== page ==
The transaction is a new solution for the embattled BuzzFeed. But perhaps the most interesting angle is Universal Music Group’s investment in Ntwrk as part of the deal, and how that underscores how the music industry is looking to tap into new revenue streams and expand the reach of its artists.

The agreement is to create a new center for “superfan culture.” Ntwrk said in a press release. The e-commerce company, whose founders include Iovine’s son Jamie Iovine, has worked with music artists such as Blackpink and Post Malone on business partnerships. Complex has long been known for its coverage of areas such as hip-hop, sneaker culture, and streetwear.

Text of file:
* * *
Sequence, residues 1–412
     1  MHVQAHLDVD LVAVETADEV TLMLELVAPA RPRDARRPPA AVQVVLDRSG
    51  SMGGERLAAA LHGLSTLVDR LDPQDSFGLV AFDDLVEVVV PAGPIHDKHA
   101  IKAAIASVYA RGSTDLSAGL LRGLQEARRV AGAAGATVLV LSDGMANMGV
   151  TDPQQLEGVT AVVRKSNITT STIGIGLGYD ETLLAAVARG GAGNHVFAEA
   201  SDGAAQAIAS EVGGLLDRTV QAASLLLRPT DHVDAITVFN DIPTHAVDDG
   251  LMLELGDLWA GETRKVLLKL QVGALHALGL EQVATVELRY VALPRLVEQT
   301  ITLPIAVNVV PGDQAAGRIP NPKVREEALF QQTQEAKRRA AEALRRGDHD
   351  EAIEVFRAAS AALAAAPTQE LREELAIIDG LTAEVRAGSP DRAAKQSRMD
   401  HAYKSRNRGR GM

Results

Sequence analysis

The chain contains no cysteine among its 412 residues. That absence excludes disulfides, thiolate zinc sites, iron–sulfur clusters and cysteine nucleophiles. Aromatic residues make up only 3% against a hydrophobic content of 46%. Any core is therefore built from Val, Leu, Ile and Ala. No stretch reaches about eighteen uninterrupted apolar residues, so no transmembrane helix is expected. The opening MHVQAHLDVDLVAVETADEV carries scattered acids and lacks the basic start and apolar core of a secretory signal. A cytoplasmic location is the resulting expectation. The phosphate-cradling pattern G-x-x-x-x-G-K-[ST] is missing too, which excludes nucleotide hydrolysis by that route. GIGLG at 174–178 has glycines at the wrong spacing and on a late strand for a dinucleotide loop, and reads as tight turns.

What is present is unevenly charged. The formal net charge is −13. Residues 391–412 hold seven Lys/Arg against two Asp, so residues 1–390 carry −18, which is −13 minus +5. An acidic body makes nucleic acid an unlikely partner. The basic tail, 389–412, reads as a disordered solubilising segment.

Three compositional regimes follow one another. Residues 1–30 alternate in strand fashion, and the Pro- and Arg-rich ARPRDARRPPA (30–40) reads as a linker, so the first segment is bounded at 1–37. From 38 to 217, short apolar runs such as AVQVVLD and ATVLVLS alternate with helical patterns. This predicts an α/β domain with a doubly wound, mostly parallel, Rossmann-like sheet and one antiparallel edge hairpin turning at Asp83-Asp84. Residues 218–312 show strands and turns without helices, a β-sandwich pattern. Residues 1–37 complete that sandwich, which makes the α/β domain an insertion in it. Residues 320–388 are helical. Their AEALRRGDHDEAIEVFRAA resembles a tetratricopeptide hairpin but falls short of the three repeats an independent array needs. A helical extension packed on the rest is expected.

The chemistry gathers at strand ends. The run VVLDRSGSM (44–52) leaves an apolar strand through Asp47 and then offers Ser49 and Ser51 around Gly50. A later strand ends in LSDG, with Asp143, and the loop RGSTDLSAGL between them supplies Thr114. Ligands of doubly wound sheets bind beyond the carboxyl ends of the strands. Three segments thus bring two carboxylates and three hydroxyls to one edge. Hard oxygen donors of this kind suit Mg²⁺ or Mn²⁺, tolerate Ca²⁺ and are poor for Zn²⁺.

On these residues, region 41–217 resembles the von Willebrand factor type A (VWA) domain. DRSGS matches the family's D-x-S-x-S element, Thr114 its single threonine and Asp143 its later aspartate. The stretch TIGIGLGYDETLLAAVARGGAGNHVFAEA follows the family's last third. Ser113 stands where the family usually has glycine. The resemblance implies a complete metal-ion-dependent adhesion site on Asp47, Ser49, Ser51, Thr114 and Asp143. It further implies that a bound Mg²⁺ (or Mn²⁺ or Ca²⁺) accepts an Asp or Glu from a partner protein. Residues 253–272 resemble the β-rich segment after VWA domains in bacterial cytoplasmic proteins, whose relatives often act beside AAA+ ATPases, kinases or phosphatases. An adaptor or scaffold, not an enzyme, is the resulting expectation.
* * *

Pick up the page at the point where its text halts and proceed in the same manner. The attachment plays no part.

“I think as time has gone on, there have been a lot of publishers who aspire to get into shopping, or a lot of commerce platforms and they aspire to get into media storytelling to drive more commerce,” Aaron Levant, another co-founder of Ntwrk who is the new CEO of Complex, he told The Hollywood Reporter.

That is what Universal seeks to take advantage of, according to John Janick, president and CEO of the company’s Interscope Geffen A&M brand, who will join the board of directors of the newly combined Ntwrk and Complex. “This partnership will give our artists access to a dynamic network to deepen connections with superfans through unique collaborations and cultural moments,” he said in the statement.

Lucian Grainge, CEO of Universal Music, has also called for strengthening the relationship between artists and fans, including partnerships with other platforms. The company’s merchandise division, Bravado, has worked with artists such as Billie Eilish and Justin Bieber to collaborate with brands.